The father of a child with learning difficulties is angry after she failed to get a place at his chosen school.

Michael Steels picked Seahaven Academy in Newhaven for his daughter Jasmine, ten, because he felt it was the only place that could meet her needs.

Mr Steels, from Telscombe, says she has now been left without a suitable place to go.

But the trust that runs the school said it had followed its admissions policy correctly.

Jasmine has a number of learning difficulties including ADHD and dyslexia and is currently registered with children’s mental health services.

Mr Steels said he chose Seahaven for her because of its “excellent” reputation for teaching children with learning difficulties.

The school’s website says its admissions policy gives priority to children with learning difficulties or special needs, or those who are in care.

But Mr Steels was shocked and upset when he found out Jasmine had not been offered a place.

He said she should have been treated as a higher priority, given her complex needs.

He said: “My daughter doesn’t have a school to go to now.

“Her junior school, Telscombe Cliffs Community School, felt she would struggle so much to

transition that they needed to get a psychological expert to evaluate her.

“I just want my child to be in the right education for her.

“I’m not asking for something we’re not entitled to.”

Mr Steels appealed against the decision but the appeal was rejected.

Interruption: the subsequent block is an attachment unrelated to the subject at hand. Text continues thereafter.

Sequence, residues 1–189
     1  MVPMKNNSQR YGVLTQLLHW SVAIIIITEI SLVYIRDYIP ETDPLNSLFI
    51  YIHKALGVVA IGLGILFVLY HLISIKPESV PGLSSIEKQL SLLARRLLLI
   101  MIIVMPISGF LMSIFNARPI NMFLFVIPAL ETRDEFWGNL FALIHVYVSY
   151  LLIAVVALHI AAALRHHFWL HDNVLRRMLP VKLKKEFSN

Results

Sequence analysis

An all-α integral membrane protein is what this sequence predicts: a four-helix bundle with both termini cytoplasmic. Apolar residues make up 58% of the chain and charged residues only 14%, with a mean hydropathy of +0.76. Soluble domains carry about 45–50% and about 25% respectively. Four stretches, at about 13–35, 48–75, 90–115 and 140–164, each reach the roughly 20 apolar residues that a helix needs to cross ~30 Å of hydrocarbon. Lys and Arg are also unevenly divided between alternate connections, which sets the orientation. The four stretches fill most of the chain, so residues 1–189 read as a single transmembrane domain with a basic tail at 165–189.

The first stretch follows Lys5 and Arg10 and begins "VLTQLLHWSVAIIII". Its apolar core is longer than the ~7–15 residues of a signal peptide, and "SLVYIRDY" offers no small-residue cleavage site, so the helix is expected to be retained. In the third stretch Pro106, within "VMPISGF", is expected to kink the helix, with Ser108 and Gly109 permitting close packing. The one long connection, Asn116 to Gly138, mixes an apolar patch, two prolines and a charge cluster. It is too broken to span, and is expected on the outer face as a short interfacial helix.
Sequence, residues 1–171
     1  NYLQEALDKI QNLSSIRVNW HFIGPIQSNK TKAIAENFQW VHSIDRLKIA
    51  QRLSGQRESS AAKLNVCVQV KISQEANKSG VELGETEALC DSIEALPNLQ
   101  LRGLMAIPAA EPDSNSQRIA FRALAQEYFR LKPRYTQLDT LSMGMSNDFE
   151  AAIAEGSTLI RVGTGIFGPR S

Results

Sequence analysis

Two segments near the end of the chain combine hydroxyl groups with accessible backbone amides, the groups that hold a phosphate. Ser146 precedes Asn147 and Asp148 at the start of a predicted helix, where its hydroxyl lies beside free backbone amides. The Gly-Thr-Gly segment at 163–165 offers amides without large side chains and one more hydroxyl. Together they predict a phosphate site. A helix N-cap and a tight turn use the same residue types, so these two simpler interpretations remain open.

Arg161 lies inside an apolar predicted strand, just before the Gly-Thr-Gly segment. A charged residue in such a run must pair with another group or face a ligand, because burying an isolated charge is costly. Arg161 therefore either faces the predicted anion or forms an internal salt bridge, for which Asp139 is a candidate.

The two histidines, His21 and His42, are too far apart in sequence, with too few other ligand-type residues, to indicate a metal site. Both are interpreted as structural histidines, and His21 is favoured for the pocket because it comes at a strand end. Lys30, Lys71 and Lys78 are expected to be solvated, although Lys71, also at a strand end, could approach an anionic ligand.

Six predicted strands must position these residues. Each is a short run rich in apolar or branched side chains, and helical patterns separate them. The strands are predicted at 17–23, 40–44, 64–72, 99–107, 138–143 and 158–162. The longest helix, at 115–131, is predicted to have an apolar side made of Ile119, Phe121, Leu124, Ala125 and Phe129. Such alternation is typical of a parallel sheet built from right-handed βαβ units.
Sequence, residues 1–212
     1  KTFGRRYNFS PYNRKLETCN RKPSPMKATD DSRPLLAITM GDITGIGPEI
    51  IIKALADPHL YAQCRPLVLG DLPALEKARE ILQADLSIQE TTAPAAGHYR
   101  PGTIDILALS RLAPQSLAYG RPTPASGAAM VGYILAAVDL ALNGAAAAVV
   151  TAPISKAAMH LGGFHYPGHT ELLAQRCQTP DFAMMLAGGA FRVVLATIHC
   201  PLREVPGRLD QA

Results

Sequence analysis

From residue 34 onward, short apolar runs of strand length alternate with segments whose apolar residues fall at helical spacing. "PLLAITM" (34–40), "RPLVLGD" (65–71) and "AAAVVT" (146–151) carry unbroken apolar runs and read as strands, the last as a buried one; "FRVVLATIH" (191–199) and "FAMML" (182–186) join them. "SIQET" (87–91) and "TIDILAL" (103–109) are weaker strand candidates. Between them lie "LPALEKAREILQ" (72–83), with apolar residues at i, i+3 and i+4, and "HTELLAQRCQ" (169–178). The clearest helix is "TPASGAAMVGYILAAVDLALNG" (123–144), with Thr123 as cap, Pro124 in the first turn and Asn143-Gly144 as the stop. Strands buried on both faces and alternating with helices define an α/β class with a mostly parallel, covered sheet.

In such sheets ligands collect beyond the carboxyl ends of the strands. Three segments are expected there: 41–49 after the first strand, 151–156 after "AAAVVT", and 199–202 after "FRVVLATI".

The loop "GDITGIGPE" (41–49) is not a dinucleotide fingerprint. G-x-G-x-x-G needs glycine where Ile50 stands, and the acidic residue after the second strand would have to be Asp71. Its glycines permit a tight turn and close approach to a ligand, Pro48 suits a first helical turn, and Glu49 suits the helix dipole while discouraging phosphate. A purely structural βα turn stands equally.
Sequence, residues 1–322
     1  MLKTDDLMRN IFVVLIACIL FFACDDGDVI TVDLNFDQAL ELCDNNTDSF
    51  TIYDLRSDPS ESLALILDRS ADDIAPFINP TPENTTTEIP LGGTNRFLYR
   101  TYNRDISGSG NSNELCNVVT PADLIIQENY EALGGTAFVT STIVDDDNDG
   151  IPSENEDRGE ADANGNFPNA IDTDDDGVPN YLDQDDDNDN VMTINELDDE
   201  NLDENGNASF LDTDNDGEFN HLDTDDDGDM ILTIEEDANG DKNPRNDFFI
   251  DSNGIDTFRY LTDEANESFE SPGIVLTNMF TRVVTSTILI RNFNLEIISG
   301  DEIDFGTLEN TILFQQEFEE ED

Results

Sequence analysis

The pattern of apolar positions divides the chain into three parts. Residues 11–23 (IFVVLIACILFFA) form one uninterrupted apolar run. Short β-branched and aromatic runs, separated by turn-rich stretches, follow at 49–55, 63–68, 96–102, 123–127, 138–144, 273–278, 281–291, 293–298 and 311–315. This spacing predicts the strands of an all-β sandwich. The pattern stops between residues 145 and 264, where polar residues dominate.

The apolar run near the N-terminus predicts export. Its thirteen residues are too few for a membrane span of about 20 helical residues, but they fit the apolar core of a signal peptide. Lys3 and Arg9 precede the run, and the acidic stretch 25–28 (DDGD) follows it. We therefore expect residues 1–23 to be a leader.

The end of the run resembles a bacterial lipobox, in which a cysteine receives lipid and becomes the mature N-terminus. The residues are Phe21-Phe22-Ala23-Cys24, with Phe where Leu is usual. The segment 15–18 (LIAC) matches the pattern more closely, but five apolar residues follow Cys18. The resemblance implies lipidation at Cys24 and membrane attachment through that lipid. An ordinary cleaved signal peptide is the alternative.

He said Jasmine was offered a place at Peacehaven Community School but the family declined it as they did not think the school would be able to handle her special educational needs.

Mr Steels said the family had only applied to Seahaven because of its good reputation for teaching children with such learning difficulties.

He said: “Seahaven Academy was not our preference as a school, it’s where we applied because of my daughter’s needs.

“Now we are still looking for a school for Jasmine to go to next year.”

A statement from United Learning Academies, which runs Seahaven Academy, said: “Every admissions application is carefully considered on a case-by-case basis, in line with our admissions policy and that of the local council, and banded accordingly.

“Where a child is not awarded a school place and chooses to appeal the decision, this is dealt with by an independent panel which always considers the full extent of evidence provided.

“Only the independent panel has the authority to decide

whether an appeal is upheld or dismissed.

“It is always disappointing for families that do not receive a place at their school of choice, which is why there is a strict process in place to ensure that these decisions are taken fairly and correctly.

“In this instance, the case went to appeal and the independent panel, having considered all the evidence presented, was

satisfied that due process had been followed and upheld the original decision.”